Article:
After the surgery, it’s best to follow the doctor’s recommendations as closely as possible. You’ll want to encourage the patient to discontinue narcotic painkillers as soon as possible to lessen side effects like constipation and nausea. You should also monitor the patient’s activity to make sure they’re not doing anything their doctor told them to avoid, such as driving or lifting anything heavy. You’ll also want to monitor the surgical wound or incision and keep an eye out for signs of infection such as swelling, redness or drainage.
In addition to medication and rest, a key part of postoperative recovery is making sure the patient gets adequate nutrition.
One common issue among lung cancer and mesothelioma patients is unintended weight loss. According to the Journal of Oncology Practice, 34% of cancer patients experience weight loss before they are diagnosed.
Stomach problems, including nausea, vomiting and constipation, are common side effects for lung cancer patients. Because of this, it is sometimes difficult for patients to muster up an appetite. However, ensuring proper nutrition throughout treatment is crucial in helping a patient avoid weight loss and strengthening their ability to heal and recover from surgery. When you’re caregiving for a lung cancer patient, ensure the following:
- Before treatment: Stave off weight loss by focusing on calorie-rich foods high in healthy fats and protein, such as nuts, avocados, whole grains and legumes.
- During treatment: Patients may have a diminished appetite, so continue focusing on calorie-rich foods to pack as much nutrition into each bite as possible. If the patient can’t tolerate three larger meals per day, encourage them to have a small snack every 60 to 90 minutes.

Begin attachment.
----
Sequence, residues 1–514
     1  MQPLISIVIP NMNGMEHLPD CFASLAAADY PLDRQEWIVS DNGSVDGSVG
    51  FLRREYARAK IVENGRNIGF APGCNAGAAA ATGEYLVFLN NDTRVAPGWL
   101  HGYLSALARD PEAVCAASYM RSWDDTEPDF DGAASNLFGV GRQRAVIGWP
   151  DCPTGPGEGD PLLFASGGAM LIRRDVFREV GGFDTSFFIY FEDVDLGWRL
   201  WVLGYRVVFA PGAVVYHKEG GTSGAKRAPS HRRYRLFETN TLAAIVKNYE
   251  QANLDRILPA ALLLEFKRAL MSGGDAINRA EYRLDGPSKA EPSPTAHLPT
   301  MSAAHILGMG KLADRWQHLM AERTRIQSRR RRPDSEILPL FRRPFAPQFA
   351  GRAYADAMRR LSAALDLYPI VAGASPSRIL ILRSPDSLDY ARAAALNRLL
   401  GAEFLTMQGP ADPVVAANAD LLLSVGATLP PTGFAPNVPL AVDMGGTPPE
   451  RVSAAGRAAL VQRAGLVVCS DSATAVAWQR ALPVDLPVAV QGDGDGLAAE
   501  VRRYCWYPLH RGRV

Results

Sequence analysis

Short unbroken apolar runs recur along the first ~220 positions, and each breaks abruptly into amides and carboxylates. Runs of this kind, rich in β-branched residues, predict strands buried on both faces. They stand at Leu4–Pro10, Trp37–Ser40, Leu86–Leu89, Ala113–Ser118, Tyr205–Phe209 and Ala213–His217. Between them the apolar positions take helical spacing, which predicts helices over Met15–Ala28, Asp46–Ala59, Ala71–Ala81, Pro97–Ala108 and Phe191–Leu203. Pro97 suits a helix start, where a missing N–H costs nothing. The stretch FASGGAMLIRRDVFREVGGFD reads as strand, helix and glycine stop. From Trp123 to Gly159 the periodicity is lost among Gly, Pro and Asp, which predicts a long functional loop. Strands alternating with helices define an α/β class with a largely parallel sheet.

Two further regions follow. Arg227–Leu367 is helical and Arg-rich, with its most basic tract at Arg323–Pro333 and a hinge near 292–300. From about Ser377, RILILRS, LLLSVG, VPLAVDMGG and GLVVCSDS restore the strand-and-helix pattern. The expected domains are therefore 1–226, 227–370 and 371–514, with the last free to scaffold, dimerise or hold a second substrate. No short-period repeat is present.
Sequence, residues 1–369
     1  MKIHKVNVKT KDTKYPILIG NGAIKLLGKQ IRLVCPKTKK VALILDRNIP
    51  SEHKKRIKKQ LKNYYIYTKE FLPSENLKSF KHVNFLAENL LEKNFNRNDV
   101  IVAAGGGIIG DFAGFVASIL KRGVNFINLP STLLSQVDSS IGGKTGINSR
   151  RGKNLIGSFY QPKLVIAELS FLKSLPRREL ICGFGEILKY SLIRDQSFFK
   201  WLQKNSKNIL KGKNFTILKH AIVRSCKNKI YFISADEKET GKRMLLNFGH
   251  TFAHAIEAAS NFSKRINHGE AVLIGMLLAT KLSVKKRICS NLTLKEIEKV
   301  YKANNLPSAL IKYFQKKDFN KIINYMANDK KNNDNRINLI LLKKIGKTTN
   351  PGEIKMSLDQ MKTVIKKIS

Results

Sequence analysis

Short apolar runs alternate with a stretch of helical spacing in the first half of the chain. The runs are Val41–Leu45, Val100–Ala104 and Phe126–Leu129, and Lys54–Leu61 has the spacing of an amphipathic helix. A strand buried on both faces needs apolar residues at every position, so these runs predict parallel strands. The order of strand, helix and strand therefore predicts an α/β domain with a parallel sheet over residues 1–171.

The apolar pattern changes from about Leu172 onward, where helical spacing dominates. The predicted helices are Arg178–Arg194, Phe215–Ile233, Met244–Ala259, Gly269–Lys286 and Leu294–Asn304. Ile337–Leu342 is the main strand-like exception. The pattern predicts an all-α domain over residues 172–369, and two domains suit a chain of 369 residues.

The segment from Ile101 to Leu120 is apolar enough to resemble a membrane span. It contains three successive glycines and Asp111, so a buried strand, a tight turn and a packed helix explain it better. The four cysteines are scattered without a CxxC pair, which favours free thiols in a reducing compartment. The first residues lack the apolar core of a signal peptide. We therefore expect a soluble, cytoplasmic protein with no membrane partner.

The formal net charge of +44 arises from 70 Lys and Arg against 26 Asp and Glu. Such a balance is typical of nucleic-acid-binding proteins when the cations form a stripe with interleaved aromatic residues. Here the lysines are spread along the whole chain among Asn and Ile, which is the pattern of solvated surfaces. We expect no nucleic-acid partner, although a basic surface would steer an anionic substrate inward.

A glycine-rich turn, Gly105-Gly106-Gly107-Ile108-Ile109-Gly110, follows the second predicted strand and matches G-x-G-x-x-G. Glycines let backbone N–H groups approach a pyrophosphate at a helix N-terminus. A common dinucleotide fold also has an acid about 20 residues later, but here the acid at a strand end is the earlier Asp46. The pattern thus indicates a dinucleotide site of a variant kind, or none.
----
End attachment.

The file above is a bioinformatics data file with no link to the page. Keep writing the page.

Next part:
- After treatment: Once the patient begins to regain strength, their body can make better use of protein and calories. If their weight has stabilized, incorporate fruits and vegetables to aid in the recovery and strengthening of their immune system.
If the patient is showing changes in their ability to eat or if you have any questions about their nutritional needs, always consult their doctor or dietician.
Special Caregiving Circumstances
While the symptoms of lung cancer are largely universal, there are extenuating circumstances that may present unique challenges and additional considerations. Two of the most common special caregiving circumstances include long-distance caregiving and caregiving for a veteran with lung cancer.
Long-Distance Lung Cancer Caregiving
If you travel an hour or more to care for a patient, you’re likely experiencing a set of challenges unique to long-distance caregiving. According to the National Center on Caregiving, approximately 15% of caregivers are long-distance caregivers. To maximize the quality of care your loved one receives, consider the following action items:
- Research resources close to the patient. Family Care Navigator and Eldercare Locator are great tools to find help.
- Form a solid understanding of the patient’s current state of health. This will help you understand their needs and anticipate any issues. Put together a notebook of references and important contact information and update it frequently.
- Make the most of your visits. Reach out to the patient ahead of time to see what they would like to do during your time together. If they have a primary caregiver, set up a time to talk about how you can be most helpful.
- Stay connected. Ensure the patient has a cell phone and can easily call you if they have questions or just want to talk. If they live in a nursing home, see that they have a private line installed in their room.
Don’t underestimate the power of a simple phone call. The best thing you can do when you’re far away is make yourself available for the patient and provide support in any way possible despite your distance.
Lung Cancer Caregiving for Veterans
Lung cancer is especially prevalent among veterans. According to a 2012 VA study in Military Medicine, lung cancer is the second most frequently diagnosed cancer among VA patients. Additionally, veterans make up about 30% of mesothelioma legal cases. If you’re caregiving for a veteran, you may have access to additional resources through the U.S. Department of Veterans Affairs.